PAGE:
On 8 December 2012 the Daily Mail published a story by reporter Simon Parry.
The story is about a recent trip taken by Parry to the Democratic People’s Republic of Korea (DPRK). The headline was enough to set off alarm bells about the veracity of the article, in which the Daily Mail claims that he “risked his life to be the first foreigner inside Ryungyong [sic] Hotel”.
The Ryugyong Hotel is located in Pyongyang, the capital of the DPRK. It is arguably one of the most famous sights in the city. Koryo Tours, who have been taking visitors to the country since 1993, made a splash in the realm of North Korea watching when they published pictures of the inside of the hotel taken during a visit in September 2012. This put paid to Parry’s contention that he was “the first foreigner” inside the Hotel. Parry himself prompts the thought that he isn’t “the first foreigner” to have visited the site. The installation of the façade of the hotel was completed in 2011 as part of a deal with the Egyptian Orascom Group. “Orascom installed the dazzling glass panels along with telecom antennae”, he said. The BBC reported back in October 2009 that “dozens of Egyptian engineers” were working on the site.
Parry entered the DPRK posing as a tourist in a group visiting from Dandong, which borders the DPRK on the Chinese side of the Yalu River. He asked his tour guide if it was possible to visit the Ryugyong Hotel. “It’s not on the official tourist itinerary” said his Korean tour guide, a response which Parry says is the result of the hotel’s “embarrassing history” as a long unfinished state project. This conclusion contrasts sharply with that which would be accepted in any other country on earth: the hotel is a construction site. It isn’t open for guests or visitors. Or sticky-beaked tourists.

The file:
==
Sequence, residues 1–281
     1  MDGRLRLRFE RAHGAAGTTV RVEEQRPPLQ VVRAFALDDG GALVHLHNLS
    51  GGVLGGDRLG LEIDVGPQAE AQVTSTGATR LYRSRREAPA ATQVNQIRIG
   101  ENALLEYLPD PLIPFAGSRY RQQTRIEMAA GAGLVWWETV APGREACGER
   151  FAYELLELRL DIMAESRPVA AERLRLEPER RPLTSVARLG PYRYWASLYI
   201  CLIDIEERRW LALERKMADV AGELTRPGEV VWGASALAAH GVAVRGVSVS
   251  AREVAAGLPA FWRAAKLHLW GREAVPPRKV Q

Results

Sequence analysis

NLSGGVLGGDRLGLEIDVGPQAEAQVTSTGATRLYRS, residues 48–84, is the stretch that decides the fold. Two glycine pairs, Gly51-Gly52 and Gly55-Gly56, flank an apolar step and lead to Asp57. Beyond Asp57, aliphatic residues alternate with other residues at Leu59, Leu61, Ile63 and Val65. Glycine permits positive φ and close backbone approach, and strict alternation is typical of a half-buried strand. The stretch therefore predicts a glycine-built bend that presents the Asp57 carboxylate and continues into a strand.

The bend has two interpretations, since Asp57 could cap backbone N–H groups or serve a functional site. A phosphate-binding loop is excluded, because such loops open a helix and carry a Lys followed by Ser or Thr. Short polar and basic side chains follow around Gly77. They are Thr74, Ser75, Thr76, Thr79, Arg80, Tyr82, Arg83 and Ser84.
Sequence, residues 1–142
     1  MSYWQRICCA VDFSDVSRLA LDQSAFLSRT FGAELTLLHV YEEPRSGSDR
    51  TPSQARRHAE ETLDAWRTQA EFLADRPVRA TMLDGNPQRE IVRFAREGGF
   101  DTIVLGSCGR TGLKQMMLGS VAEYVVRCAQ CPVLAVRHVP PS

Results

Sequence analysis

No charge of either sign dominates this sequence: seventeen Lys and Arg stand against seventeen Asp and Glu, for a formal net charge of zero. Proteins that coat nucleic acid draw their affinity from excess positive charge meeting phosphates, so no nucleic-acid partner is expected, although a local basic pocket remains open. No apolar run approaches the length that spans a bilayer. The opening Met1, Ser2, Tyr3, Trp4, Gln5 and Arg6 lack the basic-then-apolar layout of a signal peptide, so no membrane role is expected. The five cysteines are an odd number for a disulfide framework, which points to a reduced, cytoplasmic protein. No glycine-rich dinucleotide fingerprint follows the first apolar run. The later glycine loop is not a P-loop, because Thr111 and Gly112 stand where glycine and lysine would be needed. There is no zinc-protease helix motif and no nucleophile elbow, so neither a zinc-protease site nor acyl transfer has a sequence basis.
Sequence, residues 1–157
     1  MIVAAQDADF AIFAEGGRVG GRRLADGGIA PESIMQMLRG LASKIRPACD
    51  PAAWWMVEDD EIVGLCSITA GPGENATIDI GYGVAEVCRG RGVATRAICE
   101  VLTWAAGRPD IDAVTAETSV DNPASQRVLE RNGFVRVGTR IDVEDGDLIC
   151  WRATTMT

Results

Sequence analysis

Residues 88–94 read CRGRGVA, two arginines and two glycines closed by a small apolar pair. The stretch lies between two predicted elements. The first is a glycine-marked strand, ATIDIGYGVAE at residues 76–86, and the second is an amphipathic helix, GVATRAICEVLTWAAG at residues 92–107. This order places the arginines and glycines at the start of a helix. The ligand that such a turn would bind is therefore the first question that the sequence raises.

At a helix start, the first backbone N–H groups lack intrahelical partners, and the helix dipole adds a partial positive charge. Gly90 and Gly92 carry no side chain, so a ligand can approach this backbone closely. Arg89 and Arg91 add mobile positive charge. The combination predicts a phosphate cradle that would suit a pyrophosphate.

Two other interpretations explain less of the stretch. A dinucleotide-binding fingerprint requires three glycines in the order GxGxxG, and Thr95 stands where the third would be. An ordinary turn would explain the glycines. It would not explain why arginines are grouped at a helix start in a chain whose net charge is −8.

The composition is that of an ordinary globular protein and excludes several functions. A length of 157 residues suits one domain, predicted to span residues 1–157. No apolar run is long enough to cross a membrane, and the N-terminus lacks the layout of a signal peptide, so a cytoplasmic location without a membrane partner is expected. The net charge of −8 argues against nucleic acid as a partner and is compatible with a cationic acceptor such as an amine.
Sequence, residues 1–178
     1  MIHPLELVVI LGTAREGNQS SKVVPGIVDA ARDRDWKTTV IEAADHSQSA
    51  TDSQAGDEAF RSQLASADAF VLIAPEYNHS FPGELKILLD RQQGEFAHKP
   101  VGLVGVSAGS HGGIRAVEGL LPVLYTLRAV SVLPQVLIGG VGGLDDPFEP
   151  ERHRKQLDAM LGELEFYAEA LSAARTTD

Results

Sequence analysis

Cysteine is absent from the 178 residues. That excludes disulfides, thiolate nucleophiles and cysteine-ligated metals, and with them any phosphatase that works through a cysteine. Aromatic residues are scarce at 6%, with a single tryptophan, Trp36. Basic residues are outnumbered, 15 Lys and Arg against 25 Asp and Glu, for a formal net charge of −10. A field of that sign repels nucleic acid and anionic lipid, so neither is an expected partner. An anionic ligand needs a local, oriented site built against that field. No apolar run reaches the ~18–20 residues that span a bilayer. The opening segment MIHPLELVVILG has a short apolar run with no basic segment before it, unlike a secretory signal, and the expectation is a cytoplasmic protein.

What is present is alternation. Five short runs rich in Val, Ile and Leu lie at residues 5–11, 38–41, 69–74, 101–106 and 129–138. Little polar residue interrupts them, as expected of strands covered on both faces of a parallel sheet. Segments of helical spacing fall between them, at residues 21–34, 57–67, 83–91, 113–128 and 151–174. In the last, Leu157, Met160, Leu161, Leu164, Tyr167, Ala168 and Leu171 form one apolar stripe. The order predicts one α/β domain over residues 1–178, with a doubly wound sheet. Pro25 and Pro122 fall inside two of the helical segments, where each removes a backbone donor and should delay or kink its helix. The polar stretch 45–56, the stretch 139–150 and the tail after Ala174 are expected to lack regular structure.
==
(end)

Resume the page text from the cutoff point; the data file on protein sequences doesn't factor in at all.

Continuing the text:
On the second last day of his trip, Parry proudly tells us, his “nagging and cajoling paid off” and his tour group was taken to a spot near the Ryugyong so that they could take some pictures up close and personal. “It hadn’t lasted long but we were still the first foreign tour party to include the Ryugyong Hotel on its itinerary. And it truly is remarkable – an immense presence five times the size of anything in view.” I agree, it is a truly remarkable view. My nineteen tour companions also noted the remarkableness of the view when we had the opportunity to stop next to the hotel to take pictures of the site in August. I am basing my assumption that our visit pre-dates Parry’s because he talks about “an icy winter’s morning” and the story was published in early December. This suggests that his visit was within the last couple of months.
Unsatisfied with being restricted to taking a few pictures from near the hotel, Parry plans a break in. He says that at “5.45am on an icy winter’s morning” he found himself “jogging through the pitch-black, potholed streets of one of the strangest and most sinister cities in the world. I’m shivering but I can’t tell if it’s from cold or fear. Or both.” Heading off from the Yanggakdo Hotel (a “heavily guarded tourist hotel nicknamed Alcatraz”), Parry says that he jogged the six kilometres through the early morning streets of Pyongyang to the Ryugyong.
Parry at last sneaks into the belly of the beast, only to find himself standing in the massive foyer of the Ryugyong Hotel in the company of a “North Korean soldier. He carries a Kalashnikov slung across one shoulder. Standing just 15ft in front of me, he squints across the darkness and glares at me in what looks like startled disbelief. I smile nervously, and raise a hand in greeting as he fingers his rifle, then turn, climb back through the scaffolding, stumbling twice, and run as fast as I can back out into the icy darkness.” And like that, he’s gone back into the night. No shots fired. No chase given. He wasn’t even stopped as he hustled back to his hotel by the “30 armed soldiers march[ing] directly towards me in shabby formation,” who instead chose to “gaze blankly at me and continue past without a word.”
He says that the reason why he was “never once challenged as I made my way illegally to and from my hotel” despite the fact that he “might have been a spy for the imperialist United States of America” was because “they were frightened: not of me but of the deluge of questions and suspicion that would have engulfed them had they reported a runaway foreigner.” It was not because he looked like a lone tourist off on a spot of unscheduled sight seeing that they left him alone. It was because Parry is not only an urban explorer: he is a man who can make 30 of the DPRK’s finest quake in their boots.